USPS Still On GAO’s High Risk List

The Government Accountability Office’s (GAO) today released its biennial “High Risk Series” report. The report identifies those agencies most at risk of waste, fraud, abuse, mismanagement, or in need of reform. The U.S. Postal Service’s long-term outlook remains on the GAO’s high-risk list.

The GAO first placed USPS on the high-risk list in April 2001 because of the growing risk that it would be unable to continue providing universal postal service at reasonable rates while staying self-supporting through postal revenue. In 2007, GAO removed USPS from the High-Risk List in part due to its implementation of  Strategic Transformation strategies and passage of the Postal Accountability and Enhancement Act of 2006. However, two years later “In July 2009, GAO added the U.S. Postal Service’s (USPS) financial condition to the list of high-risk areas needing attention by Congress and the executive branch to achieve broad-based restructuring. Amid challenging economic conditions, a changing business environment, and declining mail volumes, USPS is facing a deteriorating financial situation which it does not have sufficient revenues to cover its expenses and financial obligations.”

The report included the usual in its “Strategies and (USPS) Options to Facilitate Progress Toward Financial Viability” by: Reduce wage costs by creating a two-tiered pay system; use more part-time staff; reduce benefit costs by reducing USPS health and life insurance contribution rates for active employees to levels comparable to those paid by other federal agencies. The GAO report also listed  “outsourcing” as an option  for reducing USPS  workforce size. But in July 2008, GAO released a report titled “Data Needed to Assess the Effectiveness of Outsourcing,”  GAO noted:

“Without cost-savings data, postal managers, stakeholders and Congress cannot assess the risk and value of outsourcing.. To determine the effectiveness of postal outsourcing, improve management accountability and support congressional oversight in this area, we are recommending that the Postmaster General should establish a mechanism to measure the results, including any savings, of outsourcing initiatives that are subject to its collective bargaining agreements and better inform Congress by including these results in its annual operations report to Congress. The Service generally agreed with our findings and our first recommendation. However, it did not commit to implementing our second recommendation to provide Congress with information about the results of its outsourcing initiatives, which we continue to believe is necessary to support congressional oversight.”

So, GAO was unable to justify the cost-savings of outsourcing but yet its an “option” to “Faciliate Progress Toward (USPS) Financial Viability?” 

Other Highlights of the GAO report on USPS:

Mail volume has declined from 213 billion pieces in fiscal year 2006 to 1 billion pieces in fiscal year 2010—a decline of about 20 percent. USPS expects mail volume to decline further to about 150 billion pieces by 2020.This trend exposes weaknesses in USPS’s business model, which has relied on mail volume growth to help cover costs. USPS actions to improve its financial condition have been limited in part by statutory and regulatory requirements, such as those related to closing unneeded facilties.

USPS cannot fund its current level of service and operations from its revenues and urgently needs to restructure to reflect changes in mail volume, revenue, and use of the mail. Although USPS reports $12.5 billion in cost savings since fiscal year 2006, it has not been able to cut costs fast enough to offset the large decline in mail volume and revenue – particularly costs related to its workforce, retail and processing networks, and delivery services the GAO said. Further,its revenue initiatives have had limited results. USPS can borrow up to $3 billion from the Treasury annually but expects to reach its statutory $15 billion borrowing limit in fiscal year 2011. USPS must align its costs with revenues, generate sufficient funding for capital investment, and manage its growing debt.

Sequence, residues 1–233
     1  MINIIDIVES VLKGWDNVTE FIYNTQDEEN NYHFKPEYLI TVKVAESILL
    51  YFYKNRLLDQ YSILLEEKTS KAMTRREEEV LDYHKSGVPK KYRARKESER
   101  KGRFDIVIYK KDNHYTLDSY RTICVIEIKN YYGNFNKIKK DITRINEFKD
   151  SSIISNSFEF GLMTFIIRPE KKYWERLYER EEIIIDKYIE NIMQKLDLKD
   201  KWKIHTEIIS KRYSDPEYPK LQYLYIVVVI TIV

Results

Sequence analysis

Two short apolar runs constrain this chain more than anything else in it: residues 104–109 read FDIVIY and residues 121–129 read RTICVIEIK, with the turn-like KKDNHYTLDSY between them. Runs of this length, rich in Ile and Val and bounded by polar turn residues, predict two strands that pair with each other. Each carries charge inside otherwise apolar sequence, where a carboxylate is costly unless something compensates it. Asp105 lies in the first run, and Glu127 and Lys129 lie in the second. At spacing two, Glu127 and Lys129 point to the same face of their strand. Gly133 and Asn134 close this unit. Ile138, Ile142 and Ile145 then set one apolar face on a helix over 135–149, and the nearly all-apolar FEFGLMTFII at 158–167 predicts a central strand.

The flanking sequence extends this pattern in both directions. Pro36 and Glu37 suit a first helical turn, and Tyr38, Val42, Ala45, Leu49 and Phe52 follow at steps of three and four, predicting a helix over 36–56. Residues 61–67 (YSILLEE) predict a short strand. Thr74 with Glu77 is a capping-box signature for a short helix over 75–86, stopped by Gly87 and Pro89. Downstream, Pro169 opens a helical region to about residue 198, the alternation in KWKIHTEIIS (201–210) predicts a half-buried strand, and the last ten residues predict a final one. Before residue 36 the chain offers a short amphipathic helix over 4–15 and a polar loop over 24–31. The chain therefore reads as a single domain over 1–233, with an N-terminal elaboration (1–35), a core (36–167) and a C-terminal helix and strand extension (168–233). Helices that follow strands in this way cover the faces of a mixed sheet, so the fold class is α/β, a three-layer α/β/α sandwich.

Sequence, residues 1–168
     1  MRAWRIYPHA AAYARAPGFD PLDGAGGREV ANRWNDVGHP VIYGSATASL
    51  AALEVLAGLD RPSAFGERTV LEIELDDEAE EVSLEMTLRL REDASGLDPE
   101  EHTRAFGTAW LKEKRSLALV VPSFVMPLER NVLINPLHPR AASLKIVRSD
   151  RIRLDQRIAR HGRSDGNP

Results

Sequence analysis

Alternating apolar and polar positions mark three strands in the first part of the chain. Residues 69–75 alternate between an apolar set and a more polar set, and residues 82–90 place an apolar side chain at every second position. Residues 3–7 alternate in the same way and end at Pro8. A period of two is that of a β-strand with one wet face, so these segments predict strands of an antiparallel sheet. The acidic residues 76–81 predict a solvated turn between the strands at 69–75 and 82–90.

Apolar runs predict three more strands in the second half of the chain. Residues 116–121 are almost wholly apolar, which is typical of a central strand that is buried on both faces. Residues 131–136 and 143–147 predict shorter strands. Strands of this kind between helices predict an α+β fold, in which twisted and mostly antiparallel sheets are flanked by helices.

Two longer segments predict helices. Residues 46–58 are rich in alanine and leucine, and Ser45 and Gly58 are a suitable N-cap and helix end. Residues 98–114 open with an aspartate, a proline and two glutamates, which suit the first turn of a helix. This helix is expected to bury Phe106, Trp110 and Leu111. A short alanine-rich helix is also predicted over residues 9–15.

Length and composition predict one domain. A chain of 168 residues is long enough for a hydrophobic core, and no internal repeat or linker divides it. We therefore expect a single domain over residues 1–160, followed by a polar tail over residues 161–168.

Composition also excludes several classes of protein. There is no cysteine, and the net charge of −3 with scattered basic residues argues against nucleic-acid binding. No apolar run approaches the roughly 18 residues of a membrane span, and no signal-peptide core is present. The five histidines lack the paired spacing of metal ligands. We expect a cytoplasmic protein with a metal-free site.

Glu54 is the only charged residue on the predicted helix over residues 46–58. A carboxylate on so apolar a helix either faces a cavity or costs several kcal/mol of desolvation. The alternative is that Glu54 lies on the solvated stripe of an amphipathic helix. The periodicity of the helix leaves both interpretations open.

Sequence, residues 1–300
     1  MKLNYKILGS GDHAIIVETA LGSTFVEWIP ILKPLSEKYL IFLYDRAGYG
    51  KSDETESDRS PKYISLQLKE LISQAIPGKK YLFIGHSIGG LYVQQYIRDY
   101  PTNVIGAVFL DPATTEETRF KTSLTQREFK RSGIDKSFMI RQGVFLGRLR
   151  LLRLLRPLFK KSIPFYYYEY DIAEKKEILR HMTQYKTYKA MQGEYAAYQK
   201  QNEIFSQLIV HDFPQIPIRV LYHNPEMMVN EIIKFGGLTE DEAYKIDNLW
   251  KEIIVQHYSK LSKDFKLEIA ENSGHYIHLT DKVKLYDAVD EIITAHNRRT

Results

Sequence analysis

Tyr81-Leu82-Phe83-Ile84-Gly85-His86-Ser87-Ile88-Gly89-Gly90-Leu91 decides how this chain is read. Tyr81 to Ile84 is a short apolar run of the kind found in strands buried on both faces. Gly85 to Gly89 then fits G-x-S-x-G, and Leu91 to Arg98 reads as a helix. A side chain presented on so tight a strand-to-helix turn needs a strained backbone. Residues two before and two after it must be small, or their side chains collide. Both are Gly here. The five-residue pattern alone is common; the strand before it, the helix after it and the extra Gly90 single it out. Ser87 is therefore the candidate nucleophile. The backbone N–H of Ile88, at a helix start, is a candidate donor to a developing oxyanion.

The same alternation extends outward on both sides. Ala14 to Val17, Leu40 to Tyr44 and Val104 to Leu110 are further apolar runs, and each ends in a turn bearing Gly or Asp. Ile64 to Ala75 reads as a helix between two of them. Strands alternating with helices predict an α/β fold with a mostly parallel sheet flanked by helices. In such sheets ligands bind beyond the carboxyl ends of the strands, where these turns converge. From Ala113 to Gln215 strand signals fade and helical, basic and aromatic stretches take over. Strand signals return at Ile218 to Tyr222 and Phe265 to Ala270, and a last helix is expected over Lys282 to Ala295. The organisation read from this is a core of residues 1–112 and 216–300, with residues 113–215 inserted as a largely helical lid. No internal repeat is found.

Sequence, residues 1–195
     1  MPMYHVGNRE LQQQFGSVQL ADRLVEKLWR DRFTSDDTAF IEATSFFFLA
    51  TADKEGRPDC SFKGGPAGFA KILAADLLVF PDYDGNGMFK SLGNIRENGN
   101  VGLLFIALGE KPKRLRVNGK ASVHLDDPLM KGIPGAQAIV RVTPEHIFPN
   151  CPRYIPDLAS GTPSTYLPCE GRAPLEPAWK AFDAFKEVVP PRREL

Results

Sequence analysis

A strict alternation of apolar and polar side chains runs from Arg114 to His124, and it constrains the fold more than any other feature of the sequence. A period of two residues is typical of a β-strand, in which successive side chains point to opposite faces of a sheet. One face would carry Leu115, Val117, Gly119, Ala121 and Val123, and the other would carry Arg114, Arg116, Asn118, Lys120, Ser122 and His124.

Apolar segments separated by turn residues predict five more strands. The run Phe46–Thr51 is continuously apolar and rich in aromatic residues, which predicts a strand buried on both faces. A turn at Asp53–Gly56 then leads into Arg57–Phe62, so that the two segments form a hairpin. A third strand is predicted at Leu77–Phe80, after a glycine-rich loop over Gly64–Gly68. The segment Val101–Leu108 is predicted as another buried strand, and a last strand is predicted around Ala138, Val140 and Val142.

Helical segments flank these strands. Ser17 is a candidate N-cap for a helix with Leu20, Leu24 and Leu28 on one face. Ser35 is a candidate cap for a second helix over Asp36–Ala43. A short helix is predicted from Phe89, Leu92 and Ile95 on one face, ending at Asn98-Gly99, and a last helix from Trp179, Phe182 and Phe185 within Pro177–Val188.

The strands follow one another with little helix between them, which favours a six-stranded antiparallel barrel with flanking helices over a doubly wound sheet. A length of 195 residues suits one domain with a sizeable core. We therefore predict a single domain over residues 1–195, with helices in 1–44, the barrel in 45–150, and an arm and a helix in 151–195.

In March 2010, USPS issued a 10-year Action Plan, as suggested by GAO when it added USPS to its High-Risk List that included actions for Congress and USPS to take to achive financial viability. The plan included:

  • restructuring its retiree health benefits payments,
  •  eliminating Saturday delivery,
  • expanding access to retail services,
  • establishing a more flexible workforce,
  • and expanding products and services.

In April 2010, GAO reported on strategies and options for USPS to generate revenues, reduce costs, and increase efficiency (GAO-10-455). Options included

  • reducing compensation and benefit costs—which constitute about 80 percent of expenses—and
  • optimizing networks to eliminate excess capacity

Several bills introduced in 2010 included provisions for congressional action to restructure USPS’s benefit payments and address barriers to implementing USPS’s Action Plan. These bills were not enacted.

What Needs to Be Done

Congress needs to approve a comprehensive package of actions that would improve USPS’s financial viability by:

1. modifying its retiree health benefit cost structure in a fiscally responsible manner
2.. facilitating USPS cost reduction, such as by modernizing and optimizing postal networks and its workforce;and
3. requiring any binding arbitration in the negotiation process for USPS labor contracts to take USPS’s financial condition into account.

read the full report Restructuring  the U.S. Postal Service To Achieve Sustainable Financial Viability

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